Saturday, April 16, 2016

Sarah Bakewell: 'At the Existentialist Café' (2016): Part Two

Photo by Alberto Korda: March 5, 1960, Havana.
Finished a first read-through of Sarah Bakewell's At the Existentialist Café: Freedom, Being, and Apricot Cocktails with Jean-Paul Sartre, Simone de Beauvoir, Albert Camus, Martin Heidegger, Karl Jaspers, Edmund Husserl, Maurice Merleau-Ponty and others (New York: Other Press, 2016).

Let's pick it up with Jean-Paul Sartre. Though he loved to be free, “[i]t seemed that Sartre would rarely be as relaxed and happy again as he had been as a prisoner of war” (page 143). Think about that! And this: he escaped the POW camp and made his way back to Paris. 

As for Simone de Beauvoir, she “seemed more sensitive than Sartre to . . . subtle interzones in human life. The Second Sex was almost entirely occupied with the complex territory where free choice, biology and social and cultural factors meet and mingle to create a human being who gradually becomes set in her ways as life goes on. Moreover, she had explored this territory more directly in a short treatise of 1947, The Ethics of Ambiguity” (page 228). To backtrack a little, “existentialism is always a philosophy of freedom in situation” (page 228).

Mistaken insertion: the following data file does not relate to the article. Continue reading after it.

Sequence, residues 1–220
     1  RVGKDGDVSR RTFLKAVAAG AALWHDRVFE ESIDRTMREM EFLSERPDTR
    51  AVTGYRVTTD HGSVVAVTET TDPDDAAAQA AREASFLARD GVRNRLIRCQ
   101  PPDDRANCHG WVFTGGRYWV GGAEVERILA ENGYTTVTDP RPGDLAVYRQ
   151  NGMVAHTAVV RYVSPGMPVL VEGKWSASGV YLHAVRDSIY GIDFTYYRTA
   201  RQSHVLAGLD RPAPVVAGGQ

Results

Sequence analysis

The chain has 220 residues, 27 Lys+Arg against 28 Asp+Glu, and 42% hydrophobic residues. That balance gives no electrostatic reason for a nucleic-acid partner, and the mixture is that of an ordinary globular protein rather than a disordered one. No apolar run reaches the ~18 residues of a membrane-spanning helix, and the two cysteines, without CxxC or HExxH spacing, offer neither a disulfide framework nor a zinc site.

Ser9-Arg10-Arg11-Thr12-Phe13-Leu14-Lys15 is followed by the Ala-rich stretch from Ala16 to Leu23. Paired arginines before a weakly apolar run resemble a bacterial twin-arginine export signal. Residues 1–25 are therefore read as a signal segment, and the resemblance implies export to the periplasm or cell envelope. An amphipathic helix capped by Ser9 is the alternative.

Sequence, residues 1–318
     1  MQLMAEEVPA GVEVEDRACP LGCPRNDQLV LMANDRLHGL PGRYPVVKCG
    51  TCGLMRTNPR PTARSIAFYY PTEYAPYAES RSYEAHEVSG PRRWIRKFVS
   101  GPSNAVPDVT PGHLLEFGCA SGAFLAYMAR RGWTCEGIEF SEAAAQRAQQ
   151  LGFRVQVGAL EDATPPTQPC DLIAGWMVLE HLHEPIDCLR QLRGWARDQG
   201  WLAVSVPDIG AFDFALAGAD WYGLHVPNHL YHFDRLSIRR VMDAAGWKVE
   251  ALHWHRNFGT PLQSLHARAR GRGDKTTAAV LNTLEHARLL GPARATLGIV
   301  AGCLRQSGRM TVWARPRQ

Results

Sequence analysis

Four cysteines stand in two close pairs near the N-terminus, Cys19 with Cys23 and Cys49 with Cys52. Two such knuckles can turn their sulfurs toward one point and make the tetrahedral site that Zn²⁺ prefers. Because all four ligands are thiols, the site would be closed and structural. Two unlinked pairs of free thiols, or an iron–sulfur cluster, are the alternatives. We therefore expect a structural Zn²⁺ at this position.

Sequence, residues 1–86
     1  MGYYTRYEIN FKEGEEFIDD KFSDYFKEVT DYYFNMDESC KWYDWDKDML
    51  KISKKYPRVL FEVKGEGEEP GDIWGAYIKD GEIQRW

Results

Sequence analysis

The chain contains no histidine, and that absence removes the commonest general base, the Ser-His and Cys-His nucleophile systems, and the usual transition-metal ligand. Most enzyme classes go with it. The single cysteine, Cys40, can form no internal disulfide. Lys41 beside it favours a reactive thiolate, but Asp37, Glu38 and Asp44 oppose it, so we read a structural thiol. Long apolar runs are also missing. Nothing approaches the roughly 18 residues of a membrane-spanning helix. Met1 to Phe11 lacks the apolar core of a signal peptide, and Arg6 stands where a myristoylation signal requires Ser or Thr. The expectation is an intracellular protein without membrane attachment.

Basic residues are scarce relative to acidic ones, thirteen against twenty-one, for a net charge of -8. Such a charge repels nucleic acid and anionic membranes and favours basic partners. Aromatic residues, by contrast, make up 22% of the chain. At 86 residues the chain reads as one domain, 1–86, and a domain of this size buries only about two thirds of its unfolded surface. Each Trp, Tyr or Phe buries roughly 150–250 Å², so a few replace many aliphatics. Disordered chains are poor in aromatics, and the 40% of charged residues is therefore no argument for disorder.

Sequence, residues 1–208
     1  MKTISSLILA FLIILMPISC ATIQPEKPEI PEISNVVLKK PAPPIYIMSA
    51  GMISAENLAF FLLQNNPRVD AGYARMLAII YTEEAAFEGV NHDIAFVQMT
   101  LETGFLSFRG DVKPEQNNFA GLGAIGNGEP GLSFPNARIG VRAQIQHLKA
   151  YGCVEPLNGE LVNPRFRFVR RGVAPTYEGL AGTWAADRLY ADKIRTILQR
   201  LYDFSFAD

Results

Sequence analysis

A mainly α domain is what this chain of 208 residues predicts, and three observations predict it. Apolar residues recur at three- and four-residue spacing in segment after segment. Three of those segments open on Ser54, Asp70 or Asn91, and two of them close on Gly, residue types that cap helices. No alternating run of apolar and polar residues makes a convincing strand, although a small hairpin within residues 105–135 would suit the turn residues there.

We make our choices within given circumstances, and we also make them within historical time. If we lived in North Korea now or the American South in 1840, our options (even our imagined options) would be different. Much depends on our socio-economic position – including literacy and knowledge of alternate possibilities. In both cases, powerful obstacles would block many of our choices in life.  

Our physical condition will also help determine the limit of our options within a spectrum of finite possibilities. 
What is our gender identification, what is our age? 

Throw in revolution, war, famine and pestilence and all bets are off. 

Today's Rune: Movement. 


Charles Gramlich said...

It's hard to imagine how different I'd be having grown up in another time or another place. But I know it is true.

Barbara Bruederlin said...

I think even a decade or two in date of birth would make a vast difference in one's outlook on life.